Jan 1, 1999
As measured by the total fertility rate (TFR), or the number of lifetime births per woman, fertility in the United States fell sharply in the early 1960s. It dropped below replacement levels in the 1970s, where it remains today. Also in the late 1960s and early 1970s, several states, followed by the U.S. Supreme Court in its 1973 Roe v. Wade decision, legalized abortion. Following legalization, Medicaid funded many abortions, but since then most states have stopped such funding.
What are the links between changes in abortion policy and fertility in the United States? Jacob Alex Klerman explores this question through an analysis of birth statistics by race, age, state, and parity (first or subsequent birth). Despite large numbers of abortions—there is currently more than one abortion for every three live births in the United States—the effect of abortion policy on the number of children born is not clear. Klerman's analysis considers the effects of abortion legalization and funding on fertility. He also reviews the implications of abortion policy for welfare reform, particularly the goals of reducing both out-of-wedlock births and abortion rates.
While the simultaneous occurrence of abortion legalization and fertility declines might appear to show that the former was a cause of the latter, in fact the two are not necessarily linked. Some of the couples who aborted their pregnancies after legalization might have chosen another way (e.g., other forms of birth control, abstinence) to achieve the same levels of fertility.
Nevertheless, Klerman finds that legalization of abortion, particularly the broad access afforded by Roe, had some effect in reducing fertility. The effects were larger for first than for subsequent births. That is, legalization had a greater effect on couples who would be having their first child than it did on couples who would be having their second or subsequent child. Legalization had larger effects in cutting the fertility of unmarried women than for married women. Overall, the details of legalization do affect the magnitude of the effect on fertility rates.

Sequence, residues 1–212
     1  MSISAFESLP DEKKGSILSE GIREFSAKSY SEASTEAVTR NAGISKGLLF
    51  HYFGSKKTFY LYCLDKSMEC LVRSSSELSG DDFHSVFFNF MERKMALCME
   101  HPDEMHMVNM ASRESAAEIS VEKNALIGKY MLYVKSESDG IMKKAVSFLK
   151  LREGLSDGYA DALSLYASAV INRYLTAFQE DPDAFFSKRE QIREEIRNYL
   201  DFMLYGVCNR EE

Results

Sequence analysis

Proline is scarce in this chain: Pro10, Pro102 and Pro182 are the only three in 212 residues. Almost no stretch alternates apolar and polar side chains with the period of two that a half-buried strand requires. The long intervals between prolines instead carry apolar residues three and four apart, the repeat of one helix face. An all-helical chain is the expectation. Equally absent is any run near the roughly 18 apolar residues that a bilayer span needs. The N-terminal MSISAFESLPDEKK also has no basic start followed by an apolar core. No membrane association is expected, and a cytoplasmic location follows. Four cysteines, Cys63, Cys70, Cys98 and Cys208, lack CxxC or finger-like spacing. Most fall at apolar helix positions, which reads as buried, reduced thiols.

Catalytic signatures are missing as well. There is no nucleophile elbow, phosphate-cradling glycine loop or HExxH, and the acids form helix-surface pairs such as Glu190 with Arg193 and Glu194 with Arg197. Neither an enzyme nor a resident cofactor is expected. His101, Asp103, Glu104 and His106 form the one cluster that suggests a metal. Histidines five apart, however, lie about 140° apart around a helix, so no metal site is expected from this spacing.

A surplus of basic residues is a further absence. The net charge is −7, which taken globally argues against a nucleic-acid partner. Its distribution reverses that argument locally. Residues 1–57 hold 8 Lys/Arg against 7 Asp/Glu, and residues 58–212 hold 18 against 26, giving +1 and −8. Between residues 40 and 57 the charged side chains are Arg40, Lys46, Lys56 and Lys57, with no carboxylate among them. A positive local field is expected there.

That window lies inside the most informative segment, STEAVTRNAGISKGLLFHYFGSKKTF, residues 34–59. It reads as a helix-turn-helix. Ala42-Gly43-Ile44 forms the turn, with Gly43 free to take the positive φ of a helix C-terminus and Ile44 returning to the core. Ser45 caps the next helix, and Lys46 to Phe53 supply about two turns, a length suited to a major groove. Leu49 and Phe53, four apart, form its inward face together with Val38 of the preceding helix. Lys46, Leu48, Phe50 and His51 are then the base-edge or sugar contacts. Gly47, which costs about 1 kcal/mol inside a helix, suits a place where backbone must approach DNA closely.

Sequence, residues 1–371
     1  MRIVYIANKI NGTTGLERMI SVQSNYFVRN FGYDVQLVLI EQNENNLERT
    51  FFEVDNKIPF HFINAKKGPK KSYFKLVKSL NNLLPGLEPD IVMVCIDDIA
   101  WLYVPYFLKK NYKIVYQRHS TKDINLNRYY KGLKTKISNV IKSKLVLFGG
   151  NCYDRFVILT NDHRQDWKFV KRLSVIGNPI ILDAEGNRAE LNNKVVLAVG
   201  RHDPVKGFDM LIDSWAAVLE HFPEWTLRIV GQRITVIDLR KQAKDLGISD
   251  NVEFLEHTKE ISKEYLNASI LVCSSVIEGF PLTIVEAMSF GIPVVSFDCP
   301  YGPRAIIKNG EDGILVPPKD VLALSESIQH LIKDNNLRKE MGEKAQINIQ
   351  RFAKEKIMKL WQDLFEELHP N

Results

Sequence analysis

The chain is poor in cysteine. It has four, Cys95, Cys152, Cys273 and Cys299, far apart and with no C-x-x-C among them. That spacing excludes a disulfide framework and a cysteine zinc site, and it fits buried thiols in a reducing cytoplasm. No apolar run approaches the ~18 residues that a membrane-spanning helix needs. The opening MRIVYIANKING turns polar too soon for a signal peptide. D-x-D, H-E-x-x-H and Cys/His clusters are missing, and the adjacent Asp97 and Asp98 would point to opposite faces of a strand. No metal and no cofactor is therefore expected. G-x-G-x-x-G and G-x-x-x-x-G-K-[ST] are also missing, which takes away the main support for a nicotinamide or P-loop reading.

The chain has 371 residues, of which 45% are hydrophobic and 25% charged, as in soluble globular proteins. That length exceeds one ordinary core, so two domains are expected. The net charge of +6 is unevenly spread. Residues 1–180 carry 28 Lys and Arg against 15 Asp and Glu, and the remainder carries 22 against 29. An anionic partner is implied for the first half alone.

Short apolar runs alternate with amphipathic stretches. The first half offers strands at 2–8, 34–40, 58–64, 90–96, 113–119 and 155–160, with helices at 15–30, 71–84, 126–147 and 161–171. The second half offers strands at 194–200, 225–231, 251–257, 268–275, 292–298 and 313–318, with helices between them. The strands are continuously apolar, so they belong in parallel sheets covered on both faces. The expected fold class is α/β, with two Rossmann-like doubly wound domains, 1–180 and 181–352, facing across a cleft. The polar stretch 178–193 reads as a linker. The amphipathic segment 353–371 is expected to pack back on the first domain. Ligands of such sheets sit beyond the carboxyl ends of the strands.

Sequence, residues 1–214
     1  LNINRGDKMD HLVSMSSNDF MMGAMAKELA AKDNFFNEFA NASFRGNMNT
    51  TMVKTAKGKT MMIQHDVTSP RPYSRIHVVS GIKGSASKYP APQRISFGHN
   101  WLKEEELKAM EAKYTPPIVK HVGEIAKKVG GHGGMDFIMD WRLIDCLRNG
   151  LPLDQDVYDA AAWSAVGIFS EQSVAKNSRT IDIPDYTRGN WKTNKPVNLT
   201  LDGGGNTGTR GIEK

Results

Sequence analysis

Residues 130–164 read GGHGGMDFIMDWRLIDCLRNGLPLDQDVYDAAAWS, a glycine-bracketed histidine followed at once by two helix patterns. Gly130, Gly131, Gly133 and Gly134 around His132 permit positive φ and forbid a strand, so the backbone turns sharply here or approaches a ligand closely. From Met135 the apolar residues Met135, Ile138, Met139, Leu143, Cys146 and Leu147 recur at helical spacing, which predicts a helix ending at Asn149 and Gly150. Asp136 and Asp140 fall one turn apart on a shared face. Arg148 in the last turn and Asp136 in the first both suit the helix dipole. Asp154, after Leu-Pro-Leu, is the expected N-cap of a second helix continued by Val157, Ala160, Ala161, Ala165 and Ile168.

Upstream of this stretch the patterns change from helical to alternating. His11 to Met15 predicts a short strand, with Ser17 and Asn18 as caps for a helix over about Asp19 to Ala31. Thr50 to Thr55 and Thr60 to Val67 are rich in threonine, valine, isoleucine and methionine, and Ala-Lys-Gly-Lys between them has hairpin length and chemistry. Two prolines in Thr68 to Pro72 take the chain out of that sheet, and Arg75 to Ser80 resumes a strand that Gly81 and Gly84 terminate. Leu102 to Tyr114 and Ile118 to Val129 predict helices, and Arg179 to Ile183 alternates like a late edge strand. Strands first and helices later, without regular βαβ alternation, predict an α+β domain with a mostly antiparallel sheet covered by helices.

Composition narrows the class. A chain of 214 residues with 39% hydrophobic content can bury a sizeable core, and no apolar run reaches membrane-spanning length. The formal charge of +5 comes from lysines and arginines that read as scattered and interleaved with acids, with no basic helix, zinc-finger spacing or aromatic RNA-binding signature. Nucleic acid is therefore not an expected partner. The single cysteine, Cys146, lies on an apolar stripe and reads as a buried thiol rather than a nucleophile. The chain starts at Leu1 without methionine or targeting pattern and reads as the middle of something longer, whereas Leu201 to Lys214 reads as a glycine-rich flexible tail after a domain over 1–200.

After the Roe decision, Medicaid programs nominally treated abortion like any other medical procedure, covering the costs of the procedure for women who could not afford it. Subsequent federal and state actions greatly limited the access to such funded abortions. Data from these varying periods help establish the effects of such funding on fertility rates.
Klerman finds that restrictions on Medicaid abortion funding from 1982 to 1992 had a large positive effect on the fertility of blacks, particularly for higher-order births (i.e., women contemplating their second or subsequent birth). This is consistent with Medicaid eligibility rules (the primary way for qualifying for Medicaid in this period was through participation in AFDC as a poor single mother, i.e., after a first birth). Public funding had significant but smaller effects on the fertility of whites, with the largest effects for whites among younger women.
What, then, are the overall effects of abortion legalization and funding on total fertility rates? For whites, all the effects are small (see the figure). The white TFR where abortion is legal and Medicaid funding for the procedure available is estimated to be 1.81. Ending Medicaid funding would increase the TFR for whites by 2 percent. Klerman estimates that making abortion illegal would increase white fertility by an additional 3 percent, still below replacement levels.
For blacks, the effects are larger. The black TFR where abortion is legal and Medicaid funding for the procedure available is estimated to be 2.18. Ending Medicaid funding would increase black fertility by 10 percent. Making abortion illegal would increase the black TFR by another 5 percent.
Extrapolating these statistical results to a lifetime concept such as TFR is, admittedly, far from precise. Nevertheless, these data do show that abortion policy has only moderate effects for white fertility but larger effects for black fertility. The results imply that there has been some substitution from other forms of contraception (and abstinence) to abortion. In other words, pregnancies that might have been prevented by contraception are now being aborted instead. The net effect of abortion legalization and Medicaid funding therefore appears to explain little of the decline of American fertility since 1970.
These results have implications for welfare reform. An explicit goal of welfare reform is to lower nonmarital fertility without increasing abortions. Klerman's work suggests that Medicaid funding of abortions would help cut nonmarital fertility but only at the cost of increasing abortions. With respect to welfare policy, these goals thus appear to be in conflict.